As a Labour politician, Minister for Natural Resources Pat Rabbitte must be a tad uncomfortable. Rabbitte has defended Ireland’s 25 per cent corporate tax rate for oil development (which is lower than that of Norway, France and Spain for example) by pointing out that Ireland has a dramatically lower numbers of oil fields. Similarly he argues that the general lack of interest shown by international oil companies in Ireland is proof that the tax rate is not too generous.
The discovery of better than expected levels of oil has turned the tables somewhat, even if most people would agree that the State would never have had the resources to successfully drill for oil.
The debate looks set to intensify over the coming months as Providence advances its plans for drilling off the Dalkey coast.
What is certain though is that Providence will be driving the project less and less. The company typically “front ends” oil discovery projects, bringing in partners at the development phase, which means that some of the world’s biggest oil names are likely to be arriving on Irish coastlines to bring the profits onshore, as it were.
Government politicians yesterday were keen to stress the benefits to the exchequer through taxation and the new jobs that will be created in bringing the oil ashore.
As they face the prospect of a serious commercial oil industry emerging in Ireland, they’ll be hoping that these benefits will be enough to please a cash-strapped public.
The Central Statistics Office publishes the latest tranche of data from the 2011 Census – this time on the world of work.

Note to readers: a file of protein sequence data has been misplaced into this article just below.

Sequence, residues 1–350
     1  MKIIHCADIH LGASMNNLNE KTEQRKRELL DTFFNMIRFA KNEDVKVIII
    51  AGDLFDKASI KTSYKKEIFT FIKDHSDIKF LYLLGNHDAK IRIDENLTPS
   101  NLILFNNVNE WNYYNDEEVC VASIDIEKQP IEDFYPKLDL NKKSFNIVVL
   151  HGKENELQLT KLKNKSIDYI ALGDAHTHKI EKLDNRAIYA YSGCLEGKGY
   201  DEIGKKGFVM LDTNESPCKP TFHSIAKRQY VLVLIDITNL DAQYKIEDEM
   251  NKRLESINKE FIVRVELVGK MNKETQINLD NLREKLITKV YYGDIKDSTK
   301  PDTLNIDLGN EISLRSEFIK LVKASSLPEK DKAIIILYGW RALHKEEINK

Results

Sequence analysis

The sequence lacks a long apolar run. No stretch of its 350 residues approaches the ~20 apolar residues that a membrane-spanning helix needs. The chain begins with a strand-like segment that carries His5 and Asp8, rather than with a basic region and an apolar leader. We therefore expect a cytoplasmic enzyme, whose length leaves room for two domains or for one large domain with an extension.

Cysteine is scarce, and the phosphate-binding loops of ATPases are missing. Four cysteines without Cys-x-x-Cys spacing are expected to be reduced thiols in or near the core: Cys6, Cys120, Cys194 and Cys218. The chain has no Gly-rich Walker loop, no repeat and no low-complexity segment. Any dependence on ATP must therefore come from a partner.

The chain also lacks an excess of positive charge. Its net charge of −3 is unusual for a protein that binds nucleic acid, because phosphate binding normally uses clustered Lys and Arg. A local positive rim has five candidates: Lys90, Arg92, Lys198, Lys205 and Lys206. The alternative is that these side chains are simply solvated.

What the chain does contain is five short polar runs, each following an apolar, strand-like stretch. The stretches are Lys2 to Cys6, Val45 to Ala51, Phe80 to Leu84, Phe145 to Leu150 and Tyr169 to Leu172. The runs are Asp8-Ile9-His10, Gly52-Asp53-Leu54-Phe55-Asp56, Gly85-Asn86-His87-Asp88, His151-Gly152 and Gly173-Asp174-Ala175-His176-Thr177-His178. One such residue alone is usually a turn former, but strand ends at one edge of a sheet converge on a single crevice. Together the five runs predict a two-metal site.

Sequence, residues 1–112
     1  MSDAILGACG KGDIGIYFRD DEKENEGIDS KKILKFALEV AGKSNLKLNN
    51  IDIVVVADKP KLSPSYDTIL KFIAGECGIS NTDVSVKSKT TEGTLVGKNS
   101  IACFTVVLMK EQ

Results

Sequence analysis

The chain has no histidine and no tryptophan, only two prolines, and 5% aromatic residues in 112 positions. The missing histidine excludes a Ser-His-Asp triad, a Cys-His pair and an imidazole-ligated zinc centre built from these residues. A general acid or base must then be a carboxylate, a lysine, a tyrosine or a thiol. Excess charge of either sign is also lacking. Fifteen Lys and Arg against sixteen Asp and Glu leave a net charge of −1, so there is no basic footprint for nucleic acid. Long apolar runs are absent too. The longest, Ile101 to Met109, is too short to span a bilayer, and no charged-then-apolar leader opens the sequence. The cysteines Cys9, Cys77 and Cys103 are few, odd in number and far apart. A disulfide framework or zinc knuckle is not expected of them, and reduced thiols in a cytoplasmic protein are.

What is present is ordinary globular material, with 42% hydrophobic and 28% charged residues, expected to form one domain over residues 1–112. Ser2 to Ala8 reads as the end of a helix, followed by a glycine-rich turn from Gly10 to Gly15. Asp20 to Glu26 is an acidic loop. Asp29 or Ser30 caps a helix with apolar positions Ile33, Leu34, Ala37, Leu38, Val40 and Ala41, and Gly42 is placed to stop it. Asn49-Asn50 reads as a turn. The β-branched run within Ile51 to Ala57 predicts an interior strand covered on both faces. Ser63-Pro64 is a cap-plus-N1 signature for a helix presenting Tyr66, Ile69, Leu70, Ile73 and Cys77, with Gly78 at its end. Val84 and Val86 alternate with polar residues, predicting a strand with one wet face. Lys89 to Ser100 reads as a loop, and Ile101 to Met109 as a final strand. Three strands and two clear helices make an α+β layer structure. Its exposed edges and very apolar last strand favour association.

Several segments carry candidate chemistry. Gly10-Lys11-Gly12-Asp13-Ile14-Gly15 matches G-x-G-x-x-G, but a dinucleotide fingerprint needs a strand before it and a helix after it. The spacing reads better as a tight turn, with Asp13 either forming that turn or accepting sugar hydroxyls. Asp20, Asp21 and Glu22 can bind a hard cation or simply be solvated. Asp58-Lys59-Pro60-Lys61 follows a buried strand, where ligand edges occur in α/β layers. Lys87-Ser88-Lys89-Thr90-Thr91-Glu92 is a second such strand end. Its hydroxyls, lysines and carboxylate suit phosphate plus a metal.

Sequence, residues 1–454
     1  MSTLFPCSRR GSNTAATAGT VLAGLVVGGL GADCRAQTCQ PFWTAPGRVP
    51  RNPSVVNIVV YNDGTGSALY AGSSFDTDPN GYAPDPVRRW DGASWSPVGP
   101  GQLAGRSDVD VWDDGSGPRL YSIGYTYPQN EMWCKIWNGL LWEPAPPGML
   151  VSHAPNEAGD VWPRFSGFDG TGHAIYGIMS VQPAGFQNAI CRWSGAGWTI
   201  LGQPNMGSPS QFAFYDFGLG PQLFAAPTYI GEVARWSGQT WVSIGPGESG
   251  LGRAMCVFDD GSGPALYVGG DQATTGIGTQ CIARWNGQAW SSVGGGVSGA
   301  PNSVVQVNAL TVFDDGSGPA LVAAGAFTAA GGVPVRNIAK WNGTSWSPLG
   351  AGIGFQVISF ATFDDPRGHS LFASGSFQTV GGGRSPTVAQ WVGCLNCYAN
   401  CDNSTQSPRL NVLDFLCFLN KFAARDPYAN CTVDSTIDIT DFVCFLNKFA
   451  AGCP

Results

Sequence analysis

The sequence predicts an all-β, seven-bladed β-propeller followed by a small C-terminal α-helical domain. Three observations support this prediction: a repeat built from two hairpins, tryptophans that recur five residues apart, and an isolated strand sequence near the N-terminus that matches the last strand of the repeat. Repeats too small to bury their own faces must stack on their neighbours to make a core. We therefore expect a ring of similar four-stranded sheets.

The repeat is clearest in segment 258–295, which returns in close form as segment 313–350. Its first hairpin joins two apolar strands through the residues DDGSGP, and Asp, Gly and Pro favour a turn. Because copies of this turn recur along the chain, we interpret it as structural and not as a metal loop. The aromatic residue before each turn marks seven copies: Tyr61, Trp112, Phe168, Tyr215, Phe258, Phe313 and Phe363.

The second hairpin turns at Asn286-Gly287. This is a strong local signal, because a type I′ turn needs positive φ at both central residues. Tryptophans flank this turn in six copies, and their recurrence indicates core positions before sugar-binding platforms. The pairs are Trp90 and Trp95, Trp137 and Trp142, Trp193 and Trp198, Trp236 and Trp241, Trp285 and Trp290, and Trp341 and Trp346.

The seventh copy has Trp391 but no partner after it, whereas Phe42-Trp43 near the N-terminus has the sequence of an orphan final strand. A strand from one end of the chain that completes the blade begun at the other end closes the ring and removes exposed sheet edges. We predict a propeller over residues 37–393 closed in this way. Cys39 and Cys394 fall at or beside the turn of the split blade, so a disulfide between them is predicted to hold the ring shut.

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Where the Nama properties lie
NOW THAT the National Asset Management Agency has completed the full transfer of the €74 billion of loans from the banks, it finally has had a full picture of what’s on its books.
This has allowed Nama to crunch numbers and provide a good bit more detail. The 149-page annual report contains plenty of new graphs, charts and information that will keep Nama and property anoraks happy for hours.
One interesting graph shows a breakdown of the regional location of properties worth €4.5 billion outside Dublin and Cork.
Nama has properties worth €11 billion and €2 billion in Dublin and Cork respectively within Nama’s €17.5 billion Irish property portfolio, which accounts for 54 per cent of overall assets.
Unsurprisingly, Galway and the Dublin commuter belt counties of Kildare, Meath, Wicklow and Louth feature high on the list given how builders were drawn to the large population spreading out from the capital.
Galway is top of the list with more than €800 million of the €4.5 billion in properties based on November 2009 values. Some of the highest property price increases outside Dublin and its commuter belt counties were recorded in Galway during the boom years.
Kildare follows Galway with about €750 million. Then there is Meath with about €550 million and Wicklow with less than €500 million. Limerick has €450 million of loans, Louth about €330 million and the remaining counties each are below €200 million.
Almost half of Nama’s €1.3 billion properties in Northern Ireland are in Belfast, with the bulk of them split between Antrim and Down, followed by €300 million in Derry. London accounts for 62 per cent of €10.9 billion properties in Nama’s UK portfolio with 32 per cent of the book in the rest of England.